Wednesday, October 28, 2009

Take a Stand for Prayer, Part 3

I've mentioned that prayer is a discipline. It is work. And this kind of prayer is something I believe we are unaccustomed to in our world today. Yesterday I sat on a plane and visited with a lady from New England who was reading a book by a Jesuit author entitled Armchair Mystic: Easing into Contemplative Prayer. I asked her about the book, assuming she might be a Catholic. She said the book was good. She's a divinity student, a Protestant, and the book was assigned to her in a spiritual formations class.

In reality this is an area where the Orthodox and the Roman believer may have one up on us evangelicals. The Catholic tradition understands well the power of mystery in the contemplation of God. It's not that this is not a part of our Protestant heritage. The Puritans entered into this very well. It is that it has become a lost art among evangelicals since the Enlightenment and the advance of a analytically "methodological" approach to everything. To borrow from St. Augustine, we seek to understand in order that we may believe, getting the cart before the horse.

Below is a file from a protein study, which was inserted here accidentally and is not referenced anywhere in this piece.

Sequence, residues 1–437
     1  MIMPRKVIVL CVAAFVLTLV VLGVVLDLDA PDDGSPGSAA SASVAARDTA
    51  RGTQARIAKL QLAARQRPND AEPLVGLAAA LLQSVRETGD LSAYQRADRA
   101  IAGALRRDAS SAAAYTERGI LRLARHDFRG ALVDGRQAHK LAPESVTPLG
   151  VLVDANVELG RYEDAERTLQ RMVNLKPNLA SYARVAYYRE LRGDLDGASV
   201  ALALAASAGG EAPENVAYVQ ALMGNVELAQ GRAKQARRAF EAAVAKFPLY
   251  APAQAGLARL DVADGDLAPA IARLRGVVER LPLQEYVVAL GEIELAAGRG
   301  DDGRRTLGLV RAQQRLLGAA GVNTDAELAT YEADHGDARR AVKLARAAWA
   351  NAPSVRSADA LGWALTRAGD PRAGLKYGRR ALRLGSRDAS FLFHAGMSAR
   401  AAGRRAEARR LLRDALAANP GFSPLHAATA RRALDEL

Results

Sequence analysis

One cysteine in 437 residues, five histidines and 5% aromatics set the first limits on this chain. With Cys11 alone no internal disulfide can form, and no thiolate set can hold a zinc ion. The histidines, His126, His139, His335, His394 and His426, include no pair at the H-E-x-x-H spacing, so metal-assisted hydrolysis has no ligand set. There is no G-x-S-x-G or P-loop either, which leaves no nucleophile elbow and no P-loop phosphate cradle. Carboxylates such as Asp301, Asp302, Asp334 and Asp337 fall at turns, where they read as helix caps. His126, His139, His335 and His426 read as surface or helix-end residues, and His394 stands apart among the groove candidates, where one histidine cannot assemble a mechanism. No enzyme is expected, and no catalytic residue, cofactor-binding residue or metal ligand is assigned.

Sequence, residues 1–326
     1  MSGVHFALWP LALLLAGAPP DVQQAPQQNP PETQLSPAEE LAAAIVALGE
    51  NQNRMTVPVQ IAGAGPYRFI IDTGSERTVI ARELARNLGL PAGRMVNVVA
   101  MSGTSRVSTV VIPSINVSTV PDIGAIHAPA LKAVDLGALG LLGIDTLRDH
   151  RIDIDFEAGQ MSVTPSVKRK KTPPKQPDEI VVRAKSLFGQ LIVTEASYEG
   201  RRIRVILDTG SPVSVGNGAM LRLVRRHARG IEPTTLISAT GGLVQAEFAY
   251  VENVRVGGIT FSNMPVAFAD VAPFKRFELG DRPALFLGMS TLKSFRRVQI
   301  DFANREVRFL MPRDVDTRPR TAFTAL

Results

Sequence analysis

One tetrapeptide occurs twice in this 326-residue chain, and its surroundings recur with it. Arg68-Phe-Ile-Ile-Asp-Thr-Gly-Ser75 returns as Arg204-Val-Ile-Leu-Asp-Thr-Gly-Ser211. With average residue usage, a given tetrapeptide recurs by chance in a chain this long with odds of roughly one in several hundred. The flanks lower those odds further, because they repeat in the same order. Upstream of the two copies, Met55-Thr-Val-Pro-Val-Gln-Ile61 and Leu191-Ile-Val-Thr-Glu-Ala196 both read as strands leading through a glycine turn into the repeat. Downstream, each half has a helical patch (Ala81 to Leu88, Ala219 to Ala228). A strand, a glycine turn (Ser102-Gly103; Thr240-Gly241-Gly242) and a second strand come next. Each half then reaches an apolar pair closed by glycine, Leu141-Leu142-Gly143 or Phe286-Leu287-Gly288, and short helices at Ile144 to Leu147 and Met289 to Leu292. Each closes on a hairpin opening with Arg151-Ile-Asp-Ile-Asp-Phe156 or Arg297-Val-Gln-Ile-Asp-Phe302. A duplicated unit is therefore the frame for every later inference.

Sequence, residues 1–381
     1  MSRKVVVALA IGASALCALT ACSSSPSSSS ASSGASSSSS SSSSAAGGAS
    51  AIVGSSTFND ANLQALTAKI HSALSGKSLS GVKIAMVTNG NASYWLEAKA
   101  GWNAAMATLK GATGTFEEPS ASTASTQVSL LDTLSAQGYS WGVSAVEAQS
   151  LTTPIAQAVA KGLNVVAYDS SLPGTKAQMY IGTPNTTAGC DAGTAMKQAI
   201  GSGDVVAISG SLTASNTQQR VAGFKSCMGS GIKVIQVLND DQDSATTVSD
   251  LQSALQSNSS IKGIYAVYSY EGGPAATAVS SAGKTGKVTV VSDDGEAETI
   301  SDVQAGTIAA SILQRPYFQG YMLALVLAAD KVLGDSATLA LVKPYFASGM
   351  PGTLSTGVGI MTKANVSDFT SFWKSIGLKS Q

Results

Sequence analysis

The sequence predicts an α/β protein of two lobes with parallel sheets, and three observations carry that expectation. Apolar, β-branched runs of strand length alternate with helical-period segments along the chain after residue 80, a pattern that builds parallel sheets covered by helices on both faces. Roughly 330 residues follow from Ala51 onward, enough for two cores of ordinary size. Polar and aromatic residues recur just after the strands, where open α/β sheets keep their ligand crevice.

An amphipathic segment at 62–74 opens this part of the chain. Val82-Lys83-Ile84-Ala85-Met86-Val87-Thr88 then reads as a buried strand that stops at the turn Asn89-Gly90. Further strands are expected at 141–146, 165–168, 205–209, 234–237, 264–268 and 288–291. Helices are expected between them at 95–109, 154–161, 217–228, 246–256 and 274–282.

How can you and I counter this in our own lives? First, I think it would be useful to approach the Psalms from the perspective of seeing them as meditative prayers. That, after all, is what they are. Learn to pray the psalms, and then learn to model your prayers after them. Secondly, look at other prayers in the Bible. Do the same with them as they fit your circumstances. Above all, do that with the Model Prayer in Matthew 6: 9--13. Thirdly, set aside time for prayer in a place where you will not be disturbed and focus on God, his grandeur and majesty, holiness and infinity, and learn to contemplate his perfections. Let yourself get lost in the wonder of Who God is.

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